NRA Survival Skills

Does the gun lobby serve its own interests or those of its members?

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Every sincere and open-minded contributor to the National Rifle Association should read the op-ed piece in the December 16 edition of the Washington Post. The writer, Richard Feldman, who once worked for the NRA, explains how the organization is now more about money than hollering about Second Amendment rights.

Feldman accuses the NRA today of morphing from a reasonable lobby group to a money-making machine for its executives and well-placed friends.

A stark example is Wayne La Pierre, the executive vice president and mouthpiece for the group. Feldman said La Pierre earned $950,000 in 2005.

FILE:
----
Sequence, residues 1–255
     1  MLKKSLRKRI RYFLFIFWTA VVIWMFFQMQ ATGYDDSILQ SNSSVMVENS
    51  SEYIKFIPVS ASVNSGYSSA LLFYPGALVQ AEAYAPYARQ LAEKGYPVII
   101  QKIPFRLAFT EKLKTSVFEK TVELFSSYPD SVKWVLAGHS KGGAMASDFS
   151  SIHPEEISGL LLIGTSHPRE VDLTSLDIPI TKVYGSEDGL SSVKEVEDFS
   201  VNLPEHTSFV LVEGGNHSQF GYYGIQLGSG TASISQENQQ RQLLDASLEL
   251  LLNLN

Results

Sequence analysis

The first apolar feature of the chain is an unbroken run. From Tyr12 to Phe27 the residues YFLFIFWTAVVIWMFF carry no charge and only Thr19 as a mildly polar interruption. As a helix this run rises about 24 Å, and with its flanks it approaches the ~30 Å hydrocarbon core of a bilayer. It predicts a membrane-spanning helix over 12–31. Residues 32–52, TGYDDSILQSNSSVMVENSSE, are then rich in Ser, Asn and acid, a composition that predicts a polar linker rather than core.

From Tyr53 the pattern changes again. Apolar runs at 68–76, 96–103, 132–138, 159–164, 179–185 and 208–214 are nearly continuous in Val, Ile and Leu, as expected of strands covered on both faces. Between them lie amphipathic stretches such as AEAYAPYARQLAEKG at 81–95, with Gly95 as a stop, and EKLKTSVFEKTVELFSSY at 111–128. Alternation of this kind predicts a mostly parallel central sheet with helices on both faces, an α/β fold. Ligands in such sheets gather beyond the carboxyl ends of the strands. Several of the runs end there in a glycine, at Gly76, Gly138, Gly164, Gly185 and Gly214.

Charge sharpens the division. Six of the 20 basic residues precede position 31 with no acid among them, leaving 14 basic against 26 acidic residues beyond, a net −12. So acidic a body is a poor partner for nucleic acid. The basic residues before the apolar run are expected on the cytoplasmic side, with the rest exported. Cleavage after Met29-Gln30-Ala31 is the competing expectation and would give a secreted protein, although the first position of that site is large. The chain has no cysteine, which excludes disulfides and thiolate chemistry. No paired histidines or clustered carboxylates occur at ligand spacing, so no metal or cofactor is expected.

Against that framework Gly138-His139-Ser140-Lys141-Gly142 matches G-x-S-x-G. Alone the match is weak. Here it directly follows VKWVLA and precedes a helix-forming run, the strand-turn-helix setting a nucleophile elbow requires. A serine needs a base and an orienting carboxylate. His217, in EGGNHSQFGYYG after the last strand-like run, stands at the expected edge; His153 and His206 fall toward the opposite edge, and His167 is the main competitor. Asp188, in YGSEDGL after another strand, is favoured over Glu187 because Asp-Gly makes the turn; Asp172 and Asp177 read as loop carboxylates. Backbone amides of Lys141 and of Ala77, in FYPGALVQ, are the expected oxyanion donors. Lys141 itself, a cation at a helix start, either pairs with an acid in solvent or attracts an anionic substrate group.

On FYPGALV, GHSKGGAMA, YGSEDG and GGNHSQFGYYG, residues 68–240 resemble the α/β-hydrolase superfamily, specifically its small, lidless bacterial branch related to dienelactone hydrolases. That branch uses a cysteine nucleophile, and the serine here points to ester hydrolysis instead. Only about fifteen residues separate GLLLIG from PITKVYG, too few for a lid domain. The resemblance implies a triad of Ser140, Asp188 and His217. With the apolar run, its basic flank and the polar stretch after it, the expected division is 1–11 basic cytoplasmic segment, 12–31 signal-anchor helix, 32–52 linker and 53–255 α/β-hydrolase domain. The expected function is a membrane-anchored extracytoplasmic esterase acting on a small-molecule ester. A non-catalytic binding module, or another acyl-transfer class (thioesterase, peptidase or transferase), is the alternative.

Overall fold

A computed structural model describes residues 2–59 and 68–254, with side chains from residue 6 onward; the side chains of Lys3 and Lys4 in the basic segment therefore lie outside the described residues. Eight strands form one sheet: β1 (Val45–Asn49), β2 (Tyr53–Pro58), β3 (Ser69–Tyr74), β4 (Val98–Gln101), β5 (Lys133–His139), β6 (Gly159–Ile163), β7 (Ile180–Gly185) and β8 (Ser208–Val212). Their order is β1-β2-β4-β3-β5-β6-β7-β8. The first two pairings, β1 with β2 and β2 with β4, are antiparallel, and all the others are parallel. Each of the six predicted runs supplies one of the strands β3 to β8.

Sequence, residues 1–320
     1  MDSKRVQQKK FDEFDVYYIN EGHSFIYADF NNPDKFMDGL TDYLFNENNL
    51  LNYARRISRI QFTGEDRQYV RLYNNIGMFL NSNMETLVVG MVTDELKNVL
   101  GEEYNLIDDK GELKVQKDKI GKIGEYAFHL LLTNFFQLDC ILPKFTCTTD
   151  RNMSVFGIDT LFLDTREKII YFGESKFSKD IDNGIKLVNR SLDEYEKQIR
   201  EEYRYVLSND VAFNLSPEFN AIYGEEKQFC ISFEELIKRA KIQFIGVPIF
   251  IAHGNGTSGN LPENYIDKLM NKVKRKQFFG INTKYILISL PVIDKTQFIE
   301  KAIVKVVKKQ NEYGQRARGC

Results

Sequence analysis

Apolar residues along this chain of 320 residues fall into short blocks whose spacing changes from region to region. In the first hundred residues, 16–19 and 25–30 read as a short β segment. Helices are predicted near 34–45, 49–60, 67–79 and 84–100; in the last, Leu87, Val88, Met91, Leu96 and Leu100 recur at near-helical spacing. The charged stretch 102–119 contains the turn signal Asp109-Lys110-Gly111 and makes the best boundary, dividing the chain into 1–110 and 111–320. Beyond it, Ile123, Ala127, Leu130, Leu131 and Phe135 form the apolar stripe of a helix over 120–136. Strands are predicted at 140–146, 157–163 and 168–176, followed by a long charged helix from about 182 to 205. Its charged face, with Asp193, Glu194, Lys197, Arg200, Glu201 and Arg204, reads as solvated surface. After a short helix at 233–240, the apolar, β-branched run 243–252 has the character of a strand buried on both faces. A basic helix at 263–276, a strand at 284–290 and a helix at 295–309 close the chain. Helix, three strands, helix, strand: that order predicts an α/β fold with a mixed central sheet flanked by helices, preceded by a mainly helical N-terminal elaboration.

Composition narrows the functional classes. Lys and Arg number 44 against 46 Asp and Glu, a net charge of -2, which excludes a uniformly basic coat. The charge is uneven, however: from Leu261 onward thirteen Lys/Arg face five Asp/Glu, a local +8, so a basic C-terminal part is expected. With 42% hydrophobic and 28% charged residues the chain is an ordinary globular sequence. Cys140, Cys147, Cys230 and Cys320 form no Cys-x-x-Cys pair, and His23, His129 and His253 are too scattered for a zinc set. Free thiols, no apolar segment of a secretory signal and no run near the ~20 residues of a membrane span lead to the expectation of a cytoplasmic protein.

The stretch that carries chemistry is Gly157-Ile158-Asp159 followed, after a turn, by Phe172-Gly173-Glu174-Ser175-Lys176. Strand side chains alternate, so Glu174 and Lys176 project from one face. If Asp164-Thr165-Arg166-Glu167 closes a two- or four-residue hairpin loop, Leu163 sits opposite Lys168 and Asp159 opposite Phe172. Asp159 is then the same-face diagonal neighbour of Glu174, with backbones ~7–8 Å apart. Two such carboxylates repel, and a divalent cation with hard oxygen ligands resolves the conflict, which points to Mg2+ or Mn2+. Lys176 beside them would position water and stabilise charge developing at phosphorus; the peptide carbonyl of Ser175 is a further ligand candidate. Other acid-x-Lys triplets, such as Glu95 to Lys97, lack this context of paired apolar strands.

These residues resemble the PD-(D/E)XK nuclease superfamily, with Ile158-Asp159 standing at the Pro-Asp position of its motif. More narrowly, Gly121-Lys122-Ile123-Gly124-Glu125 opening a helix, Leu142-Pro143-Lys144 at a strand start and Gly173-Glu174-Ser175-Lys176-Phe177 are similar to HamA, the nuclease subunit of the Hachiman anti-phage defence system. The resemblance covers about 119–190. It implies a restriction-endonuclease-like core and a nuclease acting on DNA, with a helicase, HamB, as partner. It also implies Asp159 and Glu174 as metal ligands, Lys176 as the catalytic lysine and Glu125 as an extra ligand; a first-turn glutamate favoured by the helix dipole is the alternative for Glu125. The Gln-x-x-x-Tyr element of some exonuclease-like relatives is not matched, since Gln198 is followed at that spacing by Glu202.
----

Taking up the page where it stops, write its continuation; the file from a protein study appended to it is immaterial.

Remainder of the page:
La Pierre makes a very comfortable living for denouncing anyone who has the temerity to restrict guns in any way.

Feldman adds of the NRA headquarters: "The parking lot at the association's twin-glass-towered filled with shiny new BMWs and Mercedes-Benzes."

Perhaps the 3 million or so members of the NRA don't mind the six-figure salaries or expensive cars of its executives. But they should be aware that Feldman was treated like a traitor when he proposed a voluntary gun lock for weapons sold to owners. He had left the NRA then but was lobbying for an association connected with the gun industry.

Worse for Feldman, he stood alongside President Clinton—the NRA's targeted devil—when he made the proposal in the Rose Garden of the White House.

Predictably, the NRA went berserk. Such a reasonable idea was bad for business and the money coffers of the group. Feldman also reminds us that the NRA's friends in outside lobby groups share in the take.

Wake up, NRA members. A day of reckoning may come for a group so unwilling to compromise on any restriction of weapons. Those weapons continue to cause mayhem in our cities, in our offices, and even on once safe college campuses.